The demand for Azadi being made on the streets of Kashmir is one thing, but the same call made in the heart of the capital Delhi, accompanied by shouts of ‘Azadi’, is another. This did upset many people. The seminar was sabotaged by Kashmiri pundits who desperately want the world to believe that they are the only victims of religious persecution during earlier disturbances in Kashmir and that their plight as displaced persons living in Indian refugee camps overrides the call of Kashmiri Muslims for independence. The fact is that most of them do not live in refugee camps but lead a comfortable life elsewhere and under the banner of “Roots in Kashmir” (RIK) they allow themselves to be used to counter the demand of independence by Kashmiri Muslims.
These pundits manipulate occasions such as this seminar to project themselves as victims of Muslim terrorism in Kashmir and create ruckus that would force them to be dragged away by the police under the gaze of television cameras to gain public sympathy. And then under instructions from Delhi and rightist groups they refuse to go back to Kashmir despite calls from Kashmiri leaders and the people for their return and despite assurances for their safety.
When Arundhati Roy, an internationally recognized writer and activist from South India, took the podium to say that Kashmir “is not an integral part of India”, expressed disgust over the ruthless oppression of Kashmiris and killings of unarmed demonstrators and supported the demand of the people for independence, the RSS – a radical group, Bharatia Janata Party (BJP) and a motley crowd of nationalists, rightists, extremist politicians, Hindu fanatics, Hindu terror groups, media affiliates of extremist politicians, and sympathizers inside Indian security agencies, were all up in arms, accusing her and other speakers of sedition and demanding specifically the heads of Geelani and Roy.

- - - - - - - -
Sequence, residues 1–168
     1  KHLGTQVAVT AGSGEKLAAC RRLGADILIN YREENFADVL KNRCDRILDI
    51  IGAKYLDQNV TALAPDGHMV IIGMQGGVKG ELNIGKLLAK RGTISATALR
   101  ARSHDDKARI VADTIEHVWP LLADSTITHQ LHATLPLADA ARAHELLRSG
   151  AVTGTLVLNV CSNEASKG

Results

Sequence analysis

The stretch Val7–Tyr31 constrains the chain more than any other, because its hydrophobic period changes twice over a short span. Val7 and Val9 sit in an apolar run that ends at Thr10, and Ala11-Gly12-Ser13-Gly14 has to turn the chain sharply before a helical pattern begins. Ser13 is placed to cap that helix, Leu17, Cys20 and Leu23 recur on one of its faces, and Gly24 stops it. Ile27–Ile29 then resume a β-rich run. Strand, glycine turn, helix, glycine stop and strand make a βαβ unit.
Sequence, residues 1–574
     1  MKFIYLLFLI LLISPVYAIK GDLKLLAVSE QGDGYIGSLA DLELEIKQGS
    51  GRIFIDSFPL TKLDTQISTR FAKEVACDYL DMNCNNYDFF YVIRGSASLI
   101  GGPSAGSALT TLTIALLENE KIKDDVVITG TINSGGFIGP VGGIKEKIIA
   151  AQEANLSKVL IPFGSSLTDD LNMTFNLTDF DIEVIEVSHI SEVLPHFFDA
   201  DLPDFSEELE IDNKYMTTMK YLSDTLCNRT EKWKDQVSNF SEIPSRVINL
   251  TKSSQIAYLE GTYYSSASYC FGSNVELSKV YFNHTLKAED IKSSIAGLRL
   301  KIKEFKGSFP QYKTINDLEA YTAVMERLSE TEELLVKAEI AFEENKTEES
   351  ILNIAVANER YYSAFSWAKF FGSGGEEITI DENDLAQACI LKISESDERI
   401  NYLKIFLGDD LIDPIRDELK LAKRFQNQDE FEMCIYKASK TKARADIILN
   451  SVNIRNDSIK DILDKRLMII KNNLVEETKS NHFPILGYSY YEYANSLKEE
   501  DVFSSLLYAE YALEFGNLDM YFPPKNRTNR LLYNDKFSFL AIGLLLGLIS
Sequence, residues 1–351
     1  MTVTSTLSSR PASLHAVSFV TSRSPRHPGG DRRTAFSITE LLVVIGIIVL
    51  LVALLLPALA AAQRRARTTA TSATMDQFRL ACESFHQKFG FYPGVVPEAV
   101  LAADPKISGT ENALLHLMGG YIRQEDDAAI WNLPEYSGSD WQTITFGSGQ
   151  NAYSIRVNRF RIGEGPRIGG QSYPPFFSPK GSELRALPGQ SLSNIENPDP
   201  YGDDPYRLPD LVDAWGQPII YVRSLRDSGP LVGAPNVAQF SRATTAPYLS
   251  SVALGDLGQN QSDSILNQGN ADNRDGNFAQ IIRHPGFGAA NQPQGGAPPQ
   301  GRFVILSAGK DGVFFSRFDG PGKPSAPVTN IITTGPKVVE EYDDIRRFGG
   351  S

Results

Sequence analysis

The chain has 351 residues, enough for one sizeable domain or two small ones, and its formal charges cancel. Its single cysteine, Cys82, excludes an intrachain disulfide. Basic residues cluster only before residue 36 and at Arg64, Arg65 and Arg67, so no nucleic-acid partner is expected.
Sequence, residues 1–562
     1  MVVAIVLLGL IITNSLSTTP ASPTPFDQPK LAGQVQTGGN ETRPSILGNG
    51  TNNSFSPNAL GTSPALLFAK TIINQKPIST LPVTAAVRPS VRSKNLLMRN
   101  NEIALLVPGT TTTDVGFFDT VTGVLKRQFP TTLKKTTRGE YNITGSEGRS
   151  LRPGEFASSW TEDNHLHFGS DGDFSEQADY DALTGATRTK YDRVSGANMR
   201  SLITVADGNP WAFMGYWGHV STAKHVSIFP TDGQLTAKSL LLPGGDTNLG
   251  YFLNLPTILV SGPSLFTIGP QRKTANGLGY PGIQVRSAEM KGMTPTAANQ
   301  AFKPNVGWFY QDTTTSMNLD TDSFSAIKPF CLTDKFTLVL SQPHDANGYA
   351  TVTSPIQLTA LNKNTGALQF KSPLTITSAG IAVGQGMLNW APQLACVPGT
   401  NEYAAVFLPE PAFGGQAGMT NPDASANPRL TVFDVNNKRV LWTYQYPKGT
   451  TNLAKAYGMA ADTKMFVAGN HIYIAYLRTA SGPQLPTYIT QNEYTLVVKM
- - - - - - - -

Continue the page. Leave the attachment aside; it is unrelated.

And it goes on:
Many in India do not know that all mainstream Indian newspapers and television networks strictly adhere to the state policy on Kashmir, and it is impossible to find a major Indian news outlet breaking away from this unspoken consensus. But the possibility of seeing Arundhati Roy in the dock was big news. “Arundhati Roy and Geelani are likely to be tried for sedition”, screamed TV channels and wire networks, “for they have demanded independence for Kashmir.”
This was dramatics, pure and simple. There was nothing in the speeches that had not been said before by other speakers, leaders, ordinary people in the streets of Kashmir, and the Kashmiri media. But the idea was to push the Kashmiris on to the back foot. This was considered necessary because the struggle and sacrifices of the Kashmiris over the last twenty years, specifically during the last three years, in sustaining the independence movement were now making a difference. Kashmir had begun to be taken seriously, nationally and globally. Indian occupation of Kashmir was being looked upon as immoral.
The intention of whipping up religious frenzy and creating an intimidating environment for Roy was clearly aimed at terrorizing and silencing her and any other Indians who might be having similar thoughts. Being a Christian, a member of a minority group, Roy is vulnerable to attacks by Hindu fundamentalists. Indian Christians have been burned alive in acts of violence as recently as the winter of 2008, just as Hindu mobs burnt alive Muslim men, women and children in the Gujarat state in 2002.
But it would have been silly for the Indian government to charge Arundhati Roy with sedition because she is known to be India’s dissident–in-chief and such an action would have aroused international condemnation, casting India’s image after China or Burma, tarnish its standing as emerging regional power and the largest democracy and, above all, bring the Kashmir issue into more international limelight.